Employers who fail to pay minimum wage or overtime, refuse to pay for all hours worked, or misclassify employees are engaging in wage theft. The Fair Labor Standards Act (FLSA) prohibits this behavior and empowers employees with the tools they need to fight back.
If your employer has engaged in wage theft that violated the FLSA, contact a Nashville wage theft lawyer. Let us evaluate your situation and determine what course of legal action makes the most sense for you. Remember, Tennessee employers cannot retaliate against you for exposing FLSA violations. For more consult with an experienced Nashville employment attorney today.
Tennessee non-exempt employees are paid an hourly rate, generally, have little or no managerial duties, and must be paid the minimum wage and overtime when they earn it. Period.
Under the FLSA, non-exempt employees must be paid at least $7.25 per hour and receive overtime of 1 ½ times their regular rate of pay for any hours they work over 40 per week.
While paying minimum wage and overtime are required under the FLSA, payroll is arguably an employer’s largest expense and many employers find ways to cut corners – often atothe detriment of their hard-working employees.
However, as a Tennessee employers are prohibited from misclassifying employees, refusing to pay overtime, and failing to pay for all work performed:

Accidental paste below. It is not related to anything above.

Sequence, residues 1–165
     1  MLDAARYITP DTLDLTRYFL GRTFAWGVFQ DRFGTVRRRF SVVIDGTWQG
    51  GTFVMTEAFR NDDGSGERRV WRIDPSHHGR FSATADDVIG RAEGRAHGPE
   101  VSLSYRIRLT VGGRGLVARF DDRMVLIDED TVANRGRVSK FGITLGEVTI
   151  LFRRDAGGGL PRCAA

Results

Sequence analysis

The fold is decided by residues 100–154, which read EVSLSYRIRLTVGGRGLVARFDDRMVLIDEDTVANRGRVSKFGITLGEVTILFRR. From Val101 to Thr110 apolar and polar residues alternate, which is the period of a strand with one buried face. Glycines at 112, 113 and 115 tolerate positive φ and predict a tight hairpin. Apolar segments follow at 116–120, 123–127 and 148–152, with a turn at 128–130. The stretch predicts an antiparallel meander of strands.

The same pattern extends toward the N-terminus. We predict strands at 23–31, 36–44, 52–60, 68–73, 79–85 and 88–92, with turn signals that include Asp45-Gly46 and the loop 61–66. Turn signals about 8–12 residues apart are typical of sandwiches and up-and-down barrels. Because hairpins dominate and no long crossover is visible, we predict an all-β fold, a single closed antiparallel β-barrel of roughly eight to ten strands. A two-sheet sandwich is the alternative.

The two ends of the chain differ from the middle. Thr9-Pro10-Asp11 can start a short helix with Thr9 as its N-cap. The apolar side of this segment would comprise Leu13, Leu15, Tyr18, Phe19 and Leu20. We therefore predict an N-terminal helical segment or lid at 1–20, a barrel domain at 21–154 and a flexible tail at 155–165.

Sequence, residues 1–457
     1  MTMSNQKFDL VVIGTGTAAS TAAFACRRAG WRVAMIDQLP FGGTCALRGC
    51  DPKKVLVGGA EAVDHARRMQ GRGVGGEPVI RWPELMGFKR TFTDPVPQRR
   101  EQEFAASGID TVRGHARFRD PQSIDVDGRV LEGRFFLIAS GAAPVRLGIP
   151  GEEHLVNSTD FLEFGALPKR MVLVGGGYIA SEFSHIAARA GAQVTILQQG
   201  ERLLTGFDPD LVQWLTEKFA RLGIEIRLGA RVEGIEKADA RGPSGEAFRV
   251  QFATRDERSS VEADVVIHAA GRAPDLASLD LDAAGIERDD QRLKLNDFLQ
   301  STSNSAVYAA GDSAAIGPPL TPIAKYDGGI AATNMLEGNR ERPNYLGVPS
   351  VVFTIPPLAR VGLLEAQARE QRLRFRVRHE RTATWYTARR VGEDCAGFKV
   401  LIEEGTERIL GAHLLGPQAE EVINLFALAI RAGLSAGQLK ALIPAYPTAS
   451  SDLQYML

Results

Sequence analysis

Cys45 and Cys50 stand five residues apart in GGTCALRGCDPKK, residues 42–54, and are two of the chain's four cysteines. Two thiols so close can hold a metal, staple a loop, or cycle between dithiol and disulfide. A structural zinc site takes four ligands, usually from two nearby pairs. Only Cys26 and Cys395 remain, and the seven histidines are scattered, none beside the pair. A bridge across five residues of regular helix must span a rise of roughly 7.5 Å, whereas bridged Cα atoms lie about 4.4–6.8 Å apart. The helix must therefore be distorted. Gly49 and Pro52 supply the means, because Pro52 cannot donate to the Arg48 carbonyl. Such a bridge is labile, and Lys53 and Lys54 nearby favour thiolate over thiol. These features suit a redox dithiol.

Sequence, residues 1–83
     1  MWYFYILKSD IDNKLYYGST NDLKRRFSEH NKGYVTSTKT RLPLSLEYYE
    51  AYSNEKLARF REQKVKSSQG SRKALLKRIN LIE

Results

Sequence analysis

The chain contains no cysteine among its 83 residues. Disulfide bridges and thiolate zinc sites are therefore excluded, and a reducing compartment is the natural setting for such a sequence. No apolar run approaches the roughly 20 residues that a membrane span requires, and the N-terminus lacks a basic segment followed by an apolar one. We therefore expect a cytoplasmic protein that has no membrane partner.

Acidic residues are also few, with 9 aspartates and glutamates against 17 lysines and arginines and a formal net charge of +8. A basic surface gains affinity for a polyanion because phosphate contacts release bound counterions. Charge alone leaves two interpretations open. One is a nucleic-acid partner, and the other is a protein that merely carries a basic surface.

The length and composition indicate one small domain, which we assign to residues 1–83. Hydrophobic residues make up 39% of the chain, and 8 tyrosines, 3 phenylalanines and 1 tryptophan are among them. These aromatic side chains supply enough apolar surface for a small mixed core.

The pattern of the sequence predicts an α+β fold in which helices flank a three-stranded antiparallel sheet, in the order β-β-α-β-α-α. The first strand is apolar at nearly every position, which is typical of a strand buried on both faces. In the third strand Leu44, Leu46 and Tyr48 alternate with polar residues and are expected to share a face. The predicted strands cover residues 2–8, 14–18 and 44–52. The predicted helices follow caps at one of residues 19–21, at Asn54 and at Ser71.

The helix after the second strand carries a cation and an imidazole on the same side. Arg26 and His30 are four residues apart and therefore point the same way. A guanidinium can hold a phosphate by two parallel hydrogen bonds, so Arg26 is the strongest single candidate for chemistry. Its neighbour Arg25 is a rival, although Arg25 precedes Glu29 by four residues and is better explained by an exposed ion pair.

Many employers misclassify non-exempt employees as exempt to avoid paying overtime. Employers who misclassify employees can be forced to reclassify them and pay them for the overtime they are due.
Nashville employers who engage in wage theft are not only violating the FLSA, but your rights as well. This is where having an experienced Nashville wage theft attorney can help the most.
If your employer has misclassified your position, failed to pay you overtime for any hours you worked over 40, or simply refused to pay you overtime at all, contact a Nashville wage theft lawyer today.
Let us evaluate your situation and determine what course of legal action makes the most sense for you and your family. Although it may seem like an insurmountable task to make an FLSA complaint about your employer, it is important to keep in mind that employers cannot retaliate against you for exposing FLSA violations.
Employers found guilty of retaliation will be held accountable for their actions and be subjected to hefty fines, investigations, and monitoring by the U.S. Department of Labor (DOL). Contact us today to talk about your experience confidentially and without further obligation.